Joining the ever-expanding pantheon of great Chinese filmmakers given the full-length documentary treatment is King Hu, the man behind many of the most accomplished and influential action films of all-time. But while Johnnie To, Ann Hui, Hou Hsiao-hsien, and Jia Zhangke are still very much alive and working, and thus the films about them all feature extensive interviews with them and footage of them at work (and of course scenes of them drinking and/or singing karaoke), King Hu has been dead for 25 years. Director Lin Jing-jie thus takes an unusual approach: rather than using an interview as the spine of his story, having the director talk us through their life film by film, or big event by big event, he splits King of Wuxia into two parts. The first half, subtitled The Prophet Was Once Here, looks at the run of films Hu made from Come Drink with Me in 1966 through the pair of Legend of the Mountain and Raining in the Mountain in 1979. This is the core of Hu’s career, the masterpieces on which his reputation has been built. The second half, called The Heartbroken Man on the Horizon, takes a more biographical approach, covering Hu’s first days as a 17 year old refugee in Hong Kong in 1949 through his work as an actor in the mid-1950s, then skipping his successful years as a director ahead to the last 15 years or so of his life, marked by emigration to the United States and a series of professional disappointments.
The first section runs just over two hours and features a remarkable cast of talking heads: big directors like John Woo, Tsui Hark, Sammo Hung, and Ann Hui are to be expected, as are appearances from frequent Hu actors Shih Chun, Cheng Pei-pei, and Hsu Feng. But Lin gives just as much attention to less famous names who nonetheless provide some of the most interesting insights to Hu’s work. A pair of Peking Opera actors recreate certain stunts to demonstrate the connection between Hu’s approach to screen fighting and the stage tradition, while two traditional musicians explain the link between Hu’s editing and music. Production designer Huang Mei-ching explains Hu’s exacting and painstaking approach to set decoration and costume design and color and the ways he’d use framing and editing to discover all kind of new and unusual spaces within his sets. Renowned critics like Shu Kei and Peggy Chiao explain all kinds of interesting things about his work, who he was influenced by and what made his films so influential. Everyone talks about how much he loved to fill his shots with smoke. Extensive clips from the movies are studied and used as examples, and also intercut with present-day scenes set in the same locations Hu shot at, with actor Shih Chun wandering around the landscapes, pointing out where they filmed, why Hu chose the locations he did, and how they’ve changed over the past 50 years.
All through the first half of the film, we only ever see Hu himself in still images. But early on in the second there are clips of him speaking about his early life. He was from a wealthy family in Beijing, though as the son of a concubine, he had a lower status than his many half-siblings. Arriving in Hong Kong as the Civil War drew to a close, he worked a variety of odd jobs before finding himself acting in several dozen films from the mid-1950s through early 60s. Most of these are difficult if not impossible to find in the West, so getting to see him act is one of the many pleasures of King of Wuxia. Just before he transitions into directing, however, the film skips ahead to the 1980s, and finds Hu living in Los Angeles, again working odd jobs (writing a magazine column, lecturing at universities) while trying and failing to scrape together film projects. The talking heads include most of the big names from the first half, but the emphasis is more on his circle of friends, including Chung Ling, Hu’s wife at the time (she had written Legend of the Mountain). We get some new insights into how Hu came to leave and/or be fired from the production of Tsui Hark’s The Swordsman in 1990, which is basically the story of the second half of his career in microcosm: his painstaking approach led to extremely long shooting periods for Hong Kong cinema of the time, and he refused to compromise on that, to the displeasure of the money people in charge of the production (how much Tsui did or did not agree with said money people remains an open question).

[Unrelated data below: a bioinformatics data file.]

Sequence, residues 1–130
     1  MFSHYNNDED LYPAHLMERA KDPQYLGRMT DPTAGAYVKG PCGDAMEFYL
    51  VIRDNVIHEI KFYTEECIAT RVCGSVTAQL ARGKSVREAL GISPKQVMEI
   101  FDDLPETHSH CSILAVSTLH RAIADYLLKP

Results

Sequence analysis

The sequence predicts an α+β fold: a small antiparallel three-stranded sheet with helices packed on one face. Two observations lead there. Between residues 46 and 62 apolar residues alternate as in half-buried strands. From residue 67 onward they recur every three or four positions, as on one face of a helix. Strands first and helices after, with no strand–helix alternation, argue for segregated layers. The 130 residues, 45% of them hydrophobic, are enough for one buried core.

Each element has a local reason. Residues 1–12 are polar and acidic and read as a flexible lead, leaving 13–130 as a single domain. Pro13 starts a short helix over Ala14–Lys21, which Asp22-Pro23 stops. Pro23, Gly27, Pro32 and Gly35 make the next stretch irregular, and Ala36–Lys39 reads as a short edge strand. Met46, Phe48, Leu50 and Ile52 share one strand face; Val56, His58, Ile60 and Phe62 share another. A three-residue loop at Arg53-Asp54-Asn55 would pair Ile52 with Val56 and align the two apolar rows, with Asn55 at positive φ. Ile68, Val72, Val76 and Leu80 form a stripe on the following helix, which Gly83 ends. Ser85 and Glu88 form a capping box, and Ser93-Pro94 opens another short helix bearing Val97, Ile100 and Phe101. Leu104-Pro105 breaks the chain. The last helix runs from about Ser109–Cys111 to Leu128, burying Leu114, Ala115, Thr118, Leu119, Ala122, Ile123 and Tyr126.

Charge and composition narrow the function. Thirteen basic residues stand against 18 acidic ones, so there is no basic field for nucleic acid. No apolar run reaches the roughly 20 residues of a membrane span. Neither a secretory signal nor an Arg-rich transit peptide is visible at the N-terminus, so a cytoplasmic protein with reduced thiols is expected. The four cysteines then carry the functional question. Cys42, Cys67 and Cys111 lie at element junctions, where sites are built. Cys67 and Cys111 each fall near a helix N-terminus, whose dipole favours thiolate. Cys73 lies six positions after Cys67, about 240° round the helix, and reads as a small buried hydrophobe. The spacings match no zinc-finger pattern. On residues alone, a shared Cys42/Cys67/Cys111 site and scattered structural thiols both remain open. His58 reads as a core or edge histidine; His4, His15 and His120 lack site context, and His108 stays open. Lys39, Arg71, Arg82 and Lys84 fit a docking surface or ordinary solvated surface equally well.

The final stages of the documentary are heartbreaking, as Hu finally seems to be able to put his dream project, an epic about Chinese laborers in California, into production, with financiers on board, John Woo producing, Sammo Hung choreographing, and Chow Yun-fat starring, only for him to die due to complications during an angioplasty mere weeks before shooting was set to begin. It’s devastating, as are his friends’ and colleagues’ reminiscences of him, clearly still pained by their loss though it’s been 25 years. The most crushing scene, for me at least, comes somewhat earlier, as critic Shu Kei is discussing the commercial failure of Legend of the Mountain, a film that he now understands to be one of Hu’s greatest achievements. The money people pulled the three hour long Legend out of theatres and demanded Hu recut it to mangable length. Shu recalls Hu calling him in, helplessly asking how to do it. He can’t remember what he said (though he does say Tony Rayns cheerfully suggested “you need to cut here and here and here and you don’t need this or that, etc etc”), but he’s overcome with guilt over the fact that he even thought he should be cut at all, to the point that he breaks down in tears. They aren’t the only tears shed in King of Wuxia, but they are the only ones that aren’t necessarily about the person who’s life was cut short, but about the art that we all lost because we weren’t able, or willing, to support it in the way it could and should have been supported.